Larbi Sadiki, a senior political science lecturer at the University of Exeter in the UK, who specialises in democratisation in the Arab Middle East, studied the schemes of rulers in three Arab republics – Egypt, Libya and Yemen shortly before the recent revolutions. In his essay Like Father, Like Son: Dynastic Republicanism in the Middle East, he found that they had “fallen into what could be referred to as ‘dynastic republicanism’—a form of government that translates roughly to an oxymoron: ‘monarchical presidency’,” Mr Sadiki wrote.
Mr Sadiki found that the leaders had strategically placed their sons to succeed them. Gamal Mubarak looked set to succeed his father Hosni Mubarak in Egypt, Saif al Islam to take over from Muammar Gaddafi in Libya and Yemeni President Ali Abdullah Saleh seemed to be grooming his son Ahmed to take over.
Mr Ahmed was experiencing a “meteoric rise through the military ranks” and had been charged with “command of the deadliest forces in the land”. Mr Sadiki would probably use the same words to describe Mr Muhoozi’s situation. Ominously, however, none of the first sons Mr Sadiki was worried would take over from their fathers to perpetuate ‘dynastic republicanism’ actually took over power.
Forced to step down by popular protests, Yemen’s Saleh left the country with his children, while Egypt’s Mubarak is ill and in jail and his son’s ascendancy to power is a remote possibility.
In Libya, there is a new regime with Col. Gaddafi dead at the hands of a village gang and his son Saif in custody. In Syria, President Bashar Hafez al-Assad doggedly clings to the chair he inherited from his father in 2000, with a section of nationals, buoyed by western support, fighting to depose him.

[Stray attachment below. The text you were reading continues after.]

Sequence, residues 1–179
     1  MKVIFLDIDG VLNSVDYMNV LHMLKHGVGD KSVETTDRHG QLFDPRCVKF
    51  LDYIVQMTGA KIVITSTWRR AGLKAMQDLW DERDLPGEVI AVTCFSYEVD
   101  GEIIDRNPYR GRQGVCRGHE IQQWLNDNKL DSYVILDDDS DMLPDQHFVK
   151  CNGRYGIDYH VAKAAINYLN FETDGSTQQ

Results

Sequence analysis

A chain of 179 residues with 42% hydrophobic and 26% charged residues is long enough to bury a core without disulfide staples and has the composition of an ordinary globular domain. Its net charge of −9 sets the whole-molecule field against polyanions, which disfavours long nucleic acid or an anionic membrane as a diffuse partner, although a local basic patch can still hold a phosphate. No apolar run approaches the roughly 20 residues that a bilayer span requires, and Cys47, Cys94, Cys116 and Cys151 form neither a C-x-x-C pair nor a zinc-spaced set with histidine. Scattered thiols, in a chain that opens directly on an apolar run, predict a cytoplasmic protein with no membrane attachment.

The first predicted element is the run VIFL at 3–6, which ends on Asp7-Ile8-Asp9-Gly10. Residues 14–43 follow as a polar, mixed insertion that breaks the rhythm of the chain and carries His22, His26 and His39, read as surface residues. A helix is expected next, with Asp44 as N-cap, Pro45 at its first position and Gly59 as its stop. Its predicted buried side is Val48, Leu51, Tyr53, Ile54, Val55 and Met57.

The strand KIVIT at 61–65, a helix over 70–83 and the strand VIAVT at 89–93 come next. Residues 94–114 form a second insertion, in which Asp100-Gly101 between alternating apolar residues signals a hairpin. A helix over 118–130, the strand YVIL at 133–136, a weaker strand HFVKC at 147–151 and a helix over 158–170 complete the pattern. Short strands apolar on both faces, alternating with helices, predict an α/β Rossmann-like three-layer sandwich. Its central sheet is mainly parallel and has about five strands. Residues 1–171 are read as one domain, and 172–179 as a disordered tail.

On the other hand, however, examples elsewhere demonstrate that a democratic presidential transition to a family member is possible. Argentinean President Cristina Kirchner, the first woman to be elected president of that country, is now in her second term, having taken over from her late husband Néstor Kirchner.
In the US, there is now a tendency to think of Jeb Bush every time the Republican Party is shopping for a presidential contender. The former Florida Governor has an interesting line in his biography: “Son of the 41st president of the United States, George Bush, and brother of the 43rd president, George W. Bush, Jeb Bush has spent much of his life around politics.”
On at least two occasions, speculation has been rife that he would himself vie for the highest office in the land. He is not running in the November election, but may be one day he will. And it may be such considerations that may encourage Mr Museveni to consolidate the idea of a blood successor, if he harbours it. To confound his critics, he may point at Ms Alengot and others who have already been down the same path.